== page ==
By John Jacobi
Let’s start with a couple of definitions: A team is more than one person. Teamwork is a team (more than one person) working to achieve a goal. Everyone is a member of many, many Teams unless they are stranded alone on a desert island with no communication to the outside world. Every group someone is associated with – family, employer, church, school, neighborhood, city, town, club, athletic team – is at least one team and may include many teams. The Team I am talking about here is the team that needs to do something physical that may involve one or more hazards to any member of the Team.
Everyone has at least one agenda and most people have many agendas depending on the situation. Some people just want a paycheck. Some people are ambitious and want to “get ahead.” Some people seek personal recognition. Personal agendas vary depending on the situation (work, home or other teams) and everything else that is going on in each person’s life. Agendas typically change over time.
My last article included the following: “What does all this have to do with safety? Just this – accidents happen to everyone. Murphy was an optimist. If something can go wrong, sooner or later it WILL go wrong. If you think before you act (develop a plan), and then ‘work the plan,’ you stand a lot better chance of getting home in one piece.” My basic thesis is the Golden Rule: “Do unto others as you would have others do unto you.”
Planning is critical. What will it take to get the job done? What tools are available? What are the conditions at the site? What will the weather be like? What PPE is necessary? How much time is available? Will heavy equipment be required? The list is endless. Good planning is a MUST!! That said, a plan is just a plan. Things happen. Plans change. The Team has to be flexible to deal with unanticipated situations safely. Stop and re-group if necessary.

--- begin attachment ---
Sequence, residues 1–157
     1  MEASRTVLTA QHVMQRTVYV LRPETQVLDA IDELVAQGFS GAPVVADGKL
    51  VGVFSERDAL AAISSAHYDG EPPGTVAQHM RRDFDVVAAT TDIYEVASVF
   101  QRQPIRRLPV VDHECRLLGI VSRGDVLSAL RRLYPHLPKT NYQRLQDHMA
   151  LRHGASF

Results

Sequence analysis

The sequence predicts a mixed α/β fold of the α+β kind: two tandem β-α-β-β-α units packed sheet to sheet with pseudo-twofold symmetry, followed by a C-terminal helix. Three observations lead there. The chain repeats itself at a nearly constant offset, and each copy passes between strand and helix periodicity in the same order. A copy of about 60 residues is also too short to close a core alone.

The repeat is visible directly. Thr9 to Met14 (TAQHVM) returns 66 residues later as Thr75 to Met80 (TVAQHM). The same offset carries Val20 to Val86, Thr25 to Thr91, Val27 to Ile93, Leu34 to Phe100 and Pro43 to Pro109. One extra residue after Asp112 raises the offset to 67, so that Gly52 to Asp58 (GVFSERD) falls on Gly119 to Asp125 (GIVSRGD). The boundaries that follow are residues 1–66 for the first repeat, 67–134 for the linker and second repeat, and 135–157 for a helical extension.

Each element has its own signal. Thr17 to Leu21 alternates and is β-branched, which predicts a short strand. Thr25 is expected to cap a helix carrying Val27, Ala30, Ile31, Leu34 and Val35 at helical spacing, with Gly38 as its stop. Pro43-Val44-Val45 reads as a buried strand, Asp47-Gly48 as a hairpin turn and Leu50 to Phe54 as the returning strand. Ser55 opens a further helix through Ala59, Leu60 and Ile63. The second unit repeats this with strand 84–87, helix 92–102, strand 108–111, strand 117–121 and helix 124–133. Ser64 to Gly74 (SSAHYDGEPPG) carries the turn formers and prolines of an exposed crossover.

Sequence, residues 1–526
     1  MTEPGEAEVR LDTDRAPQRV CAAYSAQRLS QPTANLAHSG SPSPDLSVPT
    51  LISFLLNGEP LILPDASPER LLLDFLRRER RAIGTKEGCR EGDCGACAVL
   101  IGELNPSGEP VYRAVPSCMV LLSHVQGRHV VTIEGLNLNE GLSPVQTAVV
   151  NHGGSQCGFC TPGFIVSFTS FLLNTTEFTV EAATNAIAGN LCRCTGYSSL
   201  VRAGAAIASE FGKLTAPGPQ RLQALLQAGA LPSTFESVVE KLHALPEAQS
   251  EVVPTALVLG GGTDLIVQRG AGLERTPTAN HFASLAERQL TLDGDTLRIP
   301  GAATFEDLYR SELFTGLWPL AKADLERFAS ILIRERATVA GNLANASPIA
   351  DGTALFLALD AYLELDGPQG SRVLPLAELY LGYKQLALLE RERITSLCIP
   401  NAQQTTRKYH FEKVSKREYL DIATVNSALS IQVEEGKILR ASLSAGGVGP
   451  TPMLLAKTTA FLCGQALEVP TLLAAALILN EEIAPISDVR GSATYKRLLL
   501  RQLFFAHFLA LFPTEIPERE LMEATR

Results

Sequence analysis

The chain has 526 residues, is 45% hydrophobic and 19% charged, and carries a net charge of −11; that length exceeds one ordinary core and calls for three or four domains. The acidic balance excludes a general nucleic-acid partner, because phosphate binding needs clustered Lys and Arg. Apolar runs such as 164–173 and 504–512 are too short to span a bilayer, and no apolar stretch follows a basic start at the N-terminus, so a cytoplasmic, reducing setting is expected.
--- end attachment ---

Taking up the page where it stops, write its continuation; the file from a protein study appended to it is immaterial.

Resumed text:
It is usually a good idea to have a well-qualified member of the Team that will be performing the work (the team I am focused on in this article) do the planning or, at least support the team that does the planning to make sure something significant is not missed. Do you know how a 1st Lieutenant (a young, inexperienced commissioned officer) raises a flagpole if he or she is smart? He or she simply orders his or her sergeant (typically an experienced, non-commissioned officer that has earned his or her stripes in the school of hard knocks) to raise the flagpole and then gets out of the way. A good sergeant is indispensable to planning the job and to getting the job done.
This brings me to leadership. Every team has a leader. The leader may be designated (perhaps a 1st lieutenant?) or undesignated (perhaps a sergeant?) and they may not be the same person, but there will be a leader. Choose your leaders carefully. Good leaders are worth their weight in gold. Poor leaders can be dangerous!! The members of the Team must deal with poor leaders and look out for each other and for the Team. Some people are natural leaders and some people have to work to become good leaders – but EVERYONE on the Team has to do their part to get the job done safely. If one member of the Team looks good, the whole Team looks good. If one member of the Team looks bad, the whole team looks bad. The name of the game is to make the whole team look good. NOBODY gets hurt and EVERYONE goes home safely every night. Every member of the Team should “have the back” of every other member of the Team.
Good luck with Murphy and STAY HEALTHY!!